Long-suffering rosacea patient asks, 'Doctors, please listen to your patients'

December 1, 2006

In his Guest Commentary "Managing rosacea; practitioners discuss trends" (September 2006), Dr. William Baum presents his findings after moderating advisory panels across the country consisting of specialists talking about the many facets of rosacea.

In his Guest Commentary "Managing rosacea; practitioners discuss trends" (September 2006), Dr. William Baum presents his findings after moderating advisory panels across the country consisting of specialists talking about the many facets of rosacea.

As a long-term sufferer of this disease, I have to say the article was quite disappointing as the discussions on trigger factors, patient compliance and the "new frontiers" of topical treatments was just a rehash of the same old stuff we've been hearing for years and offered no new insights.

No offense to the good doctor. Rosacea is often severely misunderstood and the gap between what the medical community thinks about it and the reality of a sufferer seems to grow wider every day.

Moving on to poor patient compliance, excuse me if I don't empathize with your theory that I am at fault for the progression of my disease. As discussed above, trigger avoidance is a near impossibility and the topicals commonly prescribed just cannot be tolerated by many rosaceans. Plus, some doctors are very guilty of pushing bad products that are conveniently sold in their office and over-promising results that desperate patients cling to.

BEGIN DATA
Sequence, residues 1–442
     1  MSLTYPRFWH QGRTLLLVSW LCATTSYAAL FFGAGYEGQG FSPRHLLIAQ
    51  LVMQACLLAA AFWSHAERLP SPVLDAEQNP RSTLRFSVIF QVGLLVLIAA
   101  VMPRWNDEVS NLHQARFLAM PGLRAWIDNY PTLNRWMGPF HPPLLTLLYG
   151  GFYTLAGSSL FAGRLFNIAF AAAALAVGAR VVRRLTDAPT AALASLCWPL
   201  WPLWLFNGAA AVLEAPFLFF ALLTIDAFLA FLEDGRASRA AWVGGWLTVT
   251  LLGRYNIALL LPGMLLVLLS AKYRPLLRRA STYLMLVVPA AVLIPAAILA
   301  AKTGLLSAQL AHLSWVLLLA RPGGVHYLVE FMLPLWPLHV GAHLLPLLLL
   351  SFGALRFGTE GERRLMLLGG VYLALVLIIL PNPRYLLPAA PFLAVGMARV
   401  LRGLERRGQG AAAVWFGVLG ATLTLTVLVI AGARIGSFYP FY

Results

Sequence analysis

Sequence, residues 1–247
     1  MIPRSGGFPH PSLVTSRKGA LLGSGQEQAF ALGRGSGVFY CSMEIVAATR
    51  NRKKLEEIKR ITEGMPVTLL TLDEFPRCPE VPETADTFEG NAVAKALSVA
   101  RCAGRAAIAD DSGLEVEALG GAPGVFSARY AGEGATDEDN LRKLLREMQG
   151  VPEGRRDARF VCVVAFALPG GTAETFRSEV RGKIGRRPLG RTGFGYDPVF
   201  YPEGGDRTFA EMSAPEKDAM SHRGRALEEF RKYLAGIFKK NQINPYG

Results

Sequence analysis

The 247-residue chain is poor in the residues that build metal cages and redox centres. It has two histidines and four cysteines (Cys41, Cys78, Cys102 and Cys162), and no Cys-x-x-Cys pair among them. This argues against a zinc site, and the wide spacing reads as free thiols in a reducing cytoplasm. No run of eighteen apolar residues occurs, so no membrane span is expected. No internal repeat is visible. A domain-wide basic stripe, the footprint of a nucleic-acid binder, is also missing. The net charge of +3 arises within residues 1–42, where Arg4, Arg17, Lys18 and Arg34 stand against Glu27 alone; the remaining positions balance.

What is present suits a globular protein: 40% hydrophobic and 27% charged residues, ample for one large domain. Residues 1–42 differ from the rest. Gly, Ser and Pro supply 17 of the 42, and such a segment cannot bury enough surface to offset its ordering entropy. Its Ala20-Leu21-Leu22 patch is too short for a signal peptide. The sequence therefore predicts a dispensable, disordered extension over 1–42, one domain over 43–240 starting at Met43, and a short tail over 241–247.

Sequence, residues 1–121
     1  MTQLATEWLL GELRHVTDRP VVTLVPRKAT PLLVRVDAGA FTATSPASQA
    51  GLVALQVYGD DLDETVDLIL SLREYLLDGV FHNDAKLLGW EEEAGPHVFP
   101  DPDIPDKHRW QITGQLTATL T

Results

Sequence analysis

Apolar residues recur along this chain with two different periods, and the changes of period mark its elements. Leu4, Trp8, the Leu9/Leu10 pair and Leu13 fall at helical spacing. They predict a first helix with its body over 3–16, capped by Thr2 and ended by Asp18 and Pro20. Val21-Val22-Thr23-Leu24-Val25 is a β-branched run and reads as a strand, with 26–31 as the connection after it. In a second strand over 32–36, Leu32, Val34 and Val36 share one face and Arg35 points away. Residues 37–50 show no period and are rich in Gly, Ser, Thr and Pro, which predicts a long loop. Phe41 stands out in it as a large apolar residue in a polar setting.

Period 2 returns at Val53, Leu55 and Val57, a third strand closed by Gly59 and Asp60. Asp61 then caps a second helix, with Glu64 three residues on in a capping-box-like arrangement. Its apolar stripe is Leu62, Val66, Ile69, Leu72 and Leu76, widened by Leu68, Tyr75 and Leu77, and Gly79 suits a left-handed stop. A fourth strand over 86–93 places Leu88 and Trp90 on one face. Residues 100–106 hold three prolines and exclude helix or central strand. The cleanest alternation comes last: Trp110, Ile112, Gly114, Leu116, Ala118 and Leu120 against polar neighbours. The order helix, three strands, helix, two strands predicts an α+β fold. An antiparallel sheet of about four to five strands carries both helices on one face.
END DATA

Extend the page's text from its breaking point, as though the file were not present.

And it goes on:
I guess the frustrating part is (that) with an estimated 40 million people suffering from this disease, there have been virtually no breakthroughs in new meds or therapies to effectively treat it. Even the lasers that are out there are marketed for other things like photodamage and wrinkles. Why hasn't a laser been made specifically for rosacea? Do these companies not understand the gold mine that is waiting for them if an effective anti-flushing treatment is found?

I know there are many good doctors who understand the complexity of this disease and the suffering it brings to patients. But there are also too many sufferers who are left out in the cold (oops, another trigger) because what has become the accepted form of treatment has done squat for them and they suffer in silence. If you'd like to take a peek in to the real work of rosacea, please check out the two most active rosacea sites on the Internet at:

http:// http://forum.rosaceagroup.org/

http:// http://health.groups.yahoo.com/group/rosacea-support/messages/

Dr. Baum, I do not mean this letter to be a slam on your research because you seem like an intelligent man who means well, but I challenge you and your colleagues to really push the envelope towards beating this disease!

We need better treatments (specifically for flushing and redness) and look at other anti-inflammatories (than the ones) that are currently out there. Help get the word out that rosacea is, by far, not anywhere near being controlled, and new therapies are desperately needed. Most of all though, just listen to your patients.

Tricia Butler
San Diego, Calif.